Vote 2007: An AK sweep – already

With a third of the votes counted, Turkey’s governing party is comfortably home already

With a third of the votes counted, Turkey’s governing party is comfortably home already

Striken by food poisoning, I’m seated in front of my television watching the results of Turkey’s 16th general election roll in. It makes exciting watching.

As of 7.15pm local time, around a third of all votes have been counted. Here are the major developments:

1 – The incumbent AK party has a 50.4 percent share of all votes counted so far. This means the government has crossed the 10% election threshold already.

2 – The main opposition CHP is leading in Turkey’s third largest city, Izmir, and in Izmir only. AK is very close behind.

3 – In a number of provinces in the southeast, including Diyarbakır, independent candidates are leading. The AK party is second. The provinces in the southeast are significant because most of the independent candidates are supported by the predominantly Kurdish Democratic Society Party (DTP), in an attempt to bypass the threshold.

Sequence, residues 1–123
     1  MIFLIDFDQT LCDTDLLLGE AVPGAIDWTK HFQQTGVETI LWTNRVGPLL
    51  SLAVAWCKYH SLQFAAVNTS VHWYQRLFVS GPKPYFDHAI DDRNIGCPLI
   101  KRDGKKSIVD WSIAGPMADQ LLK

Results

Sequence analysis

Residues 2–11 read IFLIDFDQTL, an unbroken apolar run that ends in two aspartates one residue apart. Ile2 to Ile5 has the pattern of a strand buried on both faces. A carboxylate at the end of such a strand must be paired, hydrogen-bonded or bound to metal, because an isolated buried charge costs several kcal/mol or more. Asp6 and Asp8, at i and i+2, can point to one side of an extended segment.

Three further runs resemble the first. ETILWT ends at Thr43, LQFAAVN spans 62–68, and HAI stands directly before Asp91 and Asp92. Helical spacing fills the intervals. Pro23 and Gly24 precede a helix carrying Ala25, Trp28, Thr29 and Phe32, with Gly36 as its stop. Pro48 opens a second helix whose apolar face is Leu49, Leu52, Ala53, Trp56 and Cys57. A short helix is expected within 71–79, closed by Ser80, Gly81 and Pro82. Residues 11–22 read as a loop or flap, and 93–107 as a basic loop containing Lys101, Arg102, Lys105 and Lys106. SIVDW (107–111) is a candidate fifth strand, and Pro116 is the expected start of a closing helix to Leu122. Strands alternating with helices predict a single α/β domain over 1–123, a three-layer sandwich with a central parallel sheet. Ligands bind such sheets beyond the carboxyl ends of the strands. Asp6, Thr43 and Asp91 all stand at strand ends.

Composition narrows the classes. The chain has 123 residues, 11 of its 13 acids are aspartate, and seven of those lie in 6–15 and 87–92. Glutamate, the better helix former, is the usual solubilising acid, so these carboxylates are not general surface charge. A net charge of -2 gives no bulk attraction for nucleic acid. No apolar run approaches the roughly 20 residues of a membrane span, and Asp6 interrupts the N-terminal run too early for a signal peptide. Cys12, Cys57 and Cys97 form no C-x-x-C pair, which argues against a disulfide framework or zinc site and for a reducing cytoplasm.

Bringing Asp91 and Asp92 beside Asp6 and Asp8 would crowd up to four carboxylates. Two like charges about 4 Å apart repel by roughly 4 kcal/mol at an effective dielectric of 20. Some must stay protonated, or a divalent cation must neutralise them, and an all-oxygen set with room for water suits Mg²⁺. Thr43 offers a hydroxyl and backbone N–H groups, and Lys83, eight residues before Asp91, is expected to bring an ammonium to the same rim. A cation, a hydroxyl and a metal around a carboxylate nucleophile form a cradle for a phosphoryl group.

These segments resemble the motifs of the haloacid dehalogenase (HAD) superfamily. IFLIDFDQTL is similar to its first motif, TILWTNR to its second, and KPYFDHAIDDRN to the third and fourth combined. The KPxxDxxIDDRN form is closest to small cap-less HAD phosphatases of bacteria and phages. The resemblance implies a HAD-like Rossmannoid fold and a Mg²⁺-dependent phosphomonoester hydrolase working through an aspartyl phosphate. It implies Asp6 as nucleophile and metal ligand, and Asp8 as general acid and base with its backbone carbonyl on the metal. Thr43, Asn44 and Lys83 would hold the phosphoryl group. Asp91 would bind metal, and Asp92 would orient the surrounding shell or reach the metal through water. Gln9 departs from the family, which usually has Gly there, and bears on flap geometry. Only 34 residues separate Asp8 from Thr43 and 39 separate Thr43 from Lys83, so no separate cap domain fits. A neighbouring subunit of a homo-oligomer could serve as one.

However, the sweep of independent candidates across the southeast is not universal. In some provinces, such as Mardin and Şırnak, the AK party has taken the lead.

4 – As it stands, most of these results are from Turkey’s eastern provinces, where polls closed an hour earlier. Barely a tenth of votes have been counted in Turkey’s three biggest cities of Istanbul, Ankara and Izmir.

NTV’s exit poll predicts a 45 percent victory for the AK party, with the CHP on 20 percent and the nationalist MHP on 14 percent. With three parties crossing the threshold, this would reduce the number of seats presently held by the AK and the CHP, but AK would still be able to govern alone.

More comments soon.

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